Vedic and Indus Religions
The interpretation of the religion of the Harappan culture - made incidentally by scholars
such as Wheeler who were not
religious scholars and had little knowledge of the Hindu religion - was that its religion
was different than the Vedic and more like the Shaivite religion in which Shiva is the
supreme divinity. This was based on the examination of a handful of seals and symbols
found in the ruins. Hence the Harappan religion was thought by them to be a kind of early
Dravidian Shaivism. However, further excavations - both in Indus Valley sites in Gujarat,
like Lothal, and those in Rajasthan, like Kalibangan - show large number of fire altars
like those used in the Vedic religion, along with bones of oxen, potsherds, shell jewelry
and other items used in the rituals described in the Vedic Brahmanas.(*22) Vedic-like fire altars are more common in earlier than later
Indus ruins. As fire altars are the most typical feature of Vedic culture, such finds
associate the Vedic with Harappan culture from the beginning.
That the Harappan culture appeared non-Vedic to its excavators may be attributed to their
lack of knowledge of Hindu culture generally, wherein Vedism and Shaivism are the same
basic tradition. We must remember that ruins do not necessarily have one interpretation.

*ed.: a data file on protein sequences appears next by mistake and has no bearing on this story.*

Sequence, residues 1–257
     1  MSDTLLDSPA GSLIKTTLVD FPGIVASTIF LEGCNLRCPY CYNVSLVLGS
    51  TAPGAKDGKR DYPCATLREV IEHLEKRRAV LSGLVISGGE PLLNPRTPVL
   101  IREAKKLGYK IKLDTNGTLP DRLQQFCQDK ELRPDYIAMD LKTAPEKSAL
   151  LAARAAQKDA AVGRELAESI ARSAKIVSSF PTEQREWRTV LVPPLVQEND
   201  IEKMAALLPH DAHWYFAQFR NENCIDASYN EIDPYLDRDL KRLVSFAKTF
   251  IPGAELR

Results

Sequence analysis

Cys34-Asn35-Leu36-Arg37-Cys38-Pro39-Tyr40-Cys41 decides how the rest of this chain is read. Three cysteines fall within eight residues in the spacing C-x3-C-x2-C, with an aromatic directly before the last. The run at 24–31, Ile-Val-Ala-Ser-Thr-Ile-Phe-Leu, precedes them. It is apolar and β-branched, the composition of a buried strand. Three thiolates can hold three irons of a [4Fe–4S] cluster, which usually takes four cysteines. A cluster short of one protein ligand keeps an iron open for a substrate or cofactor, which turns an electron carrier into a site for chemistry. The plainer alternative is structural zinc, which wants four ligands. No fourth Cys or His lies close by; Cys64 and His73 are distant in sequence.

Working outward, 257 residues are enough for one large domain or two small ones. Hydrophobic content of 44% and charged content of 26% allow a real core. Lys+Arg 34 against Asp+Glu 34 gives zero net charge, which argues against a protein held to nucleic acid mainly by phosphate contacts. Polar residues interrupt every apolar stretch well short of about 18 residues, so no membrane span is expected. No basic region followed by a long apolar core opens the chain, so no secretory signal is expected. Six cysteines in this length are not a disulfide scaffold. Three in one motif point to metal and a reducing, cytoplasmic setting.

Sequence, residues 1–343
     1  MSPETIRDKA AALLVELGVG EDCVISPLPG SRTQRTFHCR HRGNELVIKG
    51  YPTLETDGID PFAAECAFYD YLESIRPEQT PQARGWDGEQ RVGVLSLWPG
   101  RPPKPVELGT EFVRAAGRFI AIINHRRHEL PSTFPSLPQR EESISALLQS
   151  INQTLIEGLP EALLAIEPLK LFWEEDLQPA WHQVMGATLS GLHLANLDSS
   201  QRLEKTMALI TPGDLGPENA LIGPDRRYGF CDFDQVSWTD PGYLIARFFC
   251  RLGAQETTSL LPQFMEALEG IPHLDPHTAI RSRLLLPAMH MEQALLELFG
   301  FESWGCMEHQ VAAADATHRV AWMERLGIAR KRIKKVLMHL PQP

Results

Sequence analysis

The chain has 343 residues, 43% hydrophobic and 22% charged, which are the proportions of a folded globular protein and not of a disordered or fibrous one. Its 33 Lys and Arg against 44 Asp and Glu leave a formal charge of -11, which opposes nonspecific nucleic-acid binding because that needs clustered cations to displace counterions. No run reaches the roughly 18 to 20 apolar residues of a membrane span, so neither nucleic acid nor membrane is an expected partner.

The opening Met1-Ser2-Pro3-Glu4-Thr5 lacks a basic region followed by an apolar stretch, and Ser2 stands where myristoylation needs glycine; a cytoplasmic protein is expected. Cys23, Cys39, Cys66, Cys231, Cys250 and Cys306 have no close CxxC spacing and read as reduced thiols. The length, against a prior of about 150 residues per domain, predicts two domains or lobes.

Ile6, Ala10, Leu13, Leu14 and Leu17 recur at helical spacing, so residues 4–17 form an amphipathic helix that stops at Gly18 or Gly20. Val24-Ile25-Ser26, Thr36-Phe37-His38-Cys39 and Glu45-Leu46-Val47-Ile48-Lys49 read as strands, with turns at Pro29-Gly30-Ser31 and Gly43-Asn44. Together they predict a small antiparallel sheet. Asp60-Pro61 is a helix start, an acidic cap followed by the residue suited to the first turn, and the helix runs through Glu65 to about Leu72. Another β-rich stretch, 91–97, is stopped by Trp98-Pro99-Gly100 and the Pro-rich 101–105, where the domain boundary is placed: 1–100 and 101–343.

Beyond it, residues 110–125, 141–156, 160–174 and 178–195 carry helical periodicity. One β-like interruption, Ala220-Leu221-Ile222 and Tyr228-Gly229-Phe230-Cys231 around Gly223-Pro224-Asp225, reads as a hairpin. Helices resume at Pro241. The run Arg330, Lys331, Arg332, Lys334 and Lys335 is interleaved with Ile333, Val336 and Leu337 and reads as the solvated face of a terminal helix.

Nor does the ability to discover ruins necessarily give the ability to interpret them
correctly. Ancient India, like Egypt, had many deities and could not have been dominated
by one only. It would have included Shiva, who as Rudra is already prominent in the Yajur
and Atharva Vedas which appear to correspond with the Harappan age.
We also note that Shiva is the deity of the Ganges region which became the center of Indic
civilization in the post-Harappan era. Vedic deities, like Indra and Agni, are those of
the Sarasvati river to which the Harappan era belongs. Moreover Indra and Shiva have many
common traits being the king of the Gods, the destroyer of cities, terrible or fierce in
nature, the dancer, the lord of the Word, possessing a wife named power or Shakti, etc.
There is no real divide between them.
Unfortunately certain Dravidian politicians and certain Shaivite religious groups have
uncritically accepted the Aryan invasion idea as it gives greater credence to their own
traditions. In this regard they have only fallen into the trap of the invasion theory,
which is to turn various Indic cultural elements against each other, rather than promote